Grace Came: Everlasting Father

There are many things that can define us.

Our jobs – what we do for a living – undoubtedly spring to mind for many. The question: “Soooo… what do you do?” is often one of the first questions we ask and answer within 10-15 minutes of meeting someone for the first time at parties or other gatherings.

Our pursuits also can be defining. It’s the reason millions of people gathered in Grant Park in Chicago on a chilly November morning to celebrate the 2016 World Champion Chicago Cubs, or gather in stadiums and smaller halls to cheer on their favorite performers, or regularly gather on muggy summer mornings or rainy fall days to tackle muddy obstacle courses or run 26 miles through the streets of one of America’s major cities.

But often, for many, their true defining characteristics – for better or for worse – are handed down with their heritage, from their family.

From our earliest moments to the end of our days, the places we have come from and the people with whom we share traditions and our formative and most intimate moments - they imprint upon us in ways we often cannot begin to truly see and comprehend and shape us into the people we become. For some, that may be measured in innumerable blessings, contrasted against some glaring flaws. For others, it  may mean a lifetime spent trying to overcome old wounds or obstacles laid out, perhaps before they were even born.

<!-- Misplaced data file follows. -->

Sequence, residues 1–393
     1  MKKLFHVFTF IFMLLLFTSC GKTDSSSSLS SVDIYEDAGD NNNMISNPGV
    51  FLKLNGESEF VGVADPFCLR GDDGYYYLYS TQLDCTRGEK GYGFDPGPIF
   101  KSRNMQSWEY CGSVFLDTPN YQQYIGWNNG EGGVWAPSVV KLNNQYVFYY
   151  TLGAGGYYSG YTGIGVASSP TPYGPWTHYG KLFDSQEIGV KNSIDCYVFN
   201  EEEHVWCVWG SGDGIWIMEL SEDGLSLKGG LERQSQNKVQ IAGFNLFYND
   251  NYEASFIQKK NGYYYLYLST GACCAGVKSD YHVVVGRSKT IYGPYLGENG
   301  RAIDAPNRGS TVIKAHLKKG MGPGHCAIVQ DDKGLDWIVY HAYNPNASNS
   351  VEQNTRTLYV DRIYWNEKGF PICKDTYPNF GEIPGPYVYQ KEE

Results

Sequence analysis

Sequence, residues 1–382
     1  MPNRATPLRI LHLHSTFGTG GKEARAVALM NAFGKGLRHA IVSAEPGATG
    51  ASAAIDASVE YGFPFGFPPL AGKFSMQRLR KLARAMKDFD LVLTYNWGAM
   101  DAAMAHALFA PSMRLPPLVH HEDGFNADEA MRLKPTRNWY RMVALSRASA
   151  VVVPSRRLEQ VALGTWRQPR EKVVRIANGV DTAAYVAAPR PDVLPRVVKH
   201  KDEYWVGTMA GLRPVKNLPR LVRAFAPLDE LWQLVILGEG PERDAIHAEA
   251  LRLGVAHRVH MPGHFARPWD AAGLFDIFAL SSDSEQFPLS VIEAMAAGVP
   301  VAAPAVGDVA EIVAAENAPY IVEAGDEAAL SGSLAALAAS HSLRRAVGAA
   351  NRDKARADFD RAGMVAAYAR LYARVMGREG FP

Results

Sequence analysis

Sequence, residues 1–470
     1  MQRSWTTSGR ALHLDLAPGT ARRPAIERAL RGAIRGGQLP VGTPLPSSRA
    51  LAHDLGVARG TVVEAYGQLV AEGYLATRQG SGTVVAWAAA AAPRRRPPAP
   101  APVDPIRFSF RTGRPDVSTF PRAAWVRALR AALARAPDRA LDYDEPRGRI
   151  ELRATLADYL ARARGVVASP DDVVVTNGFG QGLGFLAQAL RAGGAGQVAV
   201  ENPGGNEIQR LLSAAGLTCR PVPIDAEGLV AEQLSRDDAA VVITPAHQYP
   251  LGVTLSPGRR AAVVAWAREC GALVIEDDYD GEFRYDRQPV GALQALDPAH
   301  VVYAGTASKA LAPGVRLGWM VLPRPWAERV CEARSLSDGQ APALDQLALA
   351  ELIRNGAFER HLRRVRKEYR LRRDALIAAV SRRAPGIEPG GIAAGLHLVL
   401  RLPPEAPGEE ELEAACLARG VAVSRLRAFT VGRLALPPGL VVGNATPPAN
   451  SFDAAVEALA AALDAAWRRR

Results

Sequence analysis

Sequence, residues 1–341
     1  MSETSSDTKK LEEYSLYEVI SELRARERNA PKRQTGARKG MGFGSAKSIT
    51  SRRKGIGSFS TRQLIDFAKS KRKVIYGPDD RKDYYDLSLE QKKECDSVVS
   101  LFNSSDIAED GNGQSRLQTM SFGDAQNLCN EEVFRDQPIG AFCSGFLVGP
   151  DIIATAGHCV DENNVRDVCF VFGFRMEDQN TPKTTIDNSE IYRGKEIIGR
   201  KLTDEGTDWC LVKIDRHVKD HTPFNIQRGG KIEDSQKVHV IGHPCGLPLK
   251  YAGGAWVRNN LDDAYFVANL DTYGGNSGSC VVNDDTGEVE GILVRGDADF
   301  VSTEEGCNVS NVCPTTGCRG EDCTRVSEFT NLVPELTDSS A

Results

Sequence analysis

But no matter what shape they may take, our family remains our family.

However, God, in His Word, shares with us a great mystery and an even greater promise. For just as we have been given human families, with all their flaws, so, too, does our Creator promise us a different heritage.

And this heritage is free of flaws. How? Because it is handed down to us from God Himself.

In His Word, God, through the prophet Isaiah, foretells the arrival of His Son, Jesus. And among the descriptors He chooses to use to tell us about Jesus is this phrase: “Everlasting Father.”

As Pastor Bryan shared, this phrase does not so much describe Jesus Himself, as it points to one of His great purposes: To point us to The Father, God the Creator, who so loved the world – who so loved us, though we hated Him – that He sent his One and Only Son to pay the ultimate sacrifice, to suffer and die in agony on a cross of wood, to shed His Blood, that we may be delivered from sin and the agonizing death we deserved, to be reunited with our Father in Heaven, and become co-heirs with Christ to the wonderful future He has predestined for us with Him, forever.

Forever!

Hallelujah! Amen!

For before the arrival of Jesus, we had no idea of the parental love God had for us, and of His desire for all humanity to be united to Him, not as slaves, nor even as mere servants, but as His children!

Yet through Jesus, not only did we learn of this love, not only were we told, but a way was made – The Way was made! – for us to join with our Father, in His Family and in His Kingdom for all eternity.

Today, as you ponder this great mystery, remember: Through Jesus, we – you, us, all of us – have been given a new name, a new family, a new definition of what it means to be human.

We are no longer slaves to this world, slaves to what which we believe defines us. Rather, through Jesus, we have been called children of God, children of His Promise!

Today, as we continue to worship our God during this season of promise, remember who you are, through the actions of the life and death of that little baby born in Bethlehem on that silent night thousands of years ago in the hill country of Judea, when Grace Came.

 

 

Jon Bilyk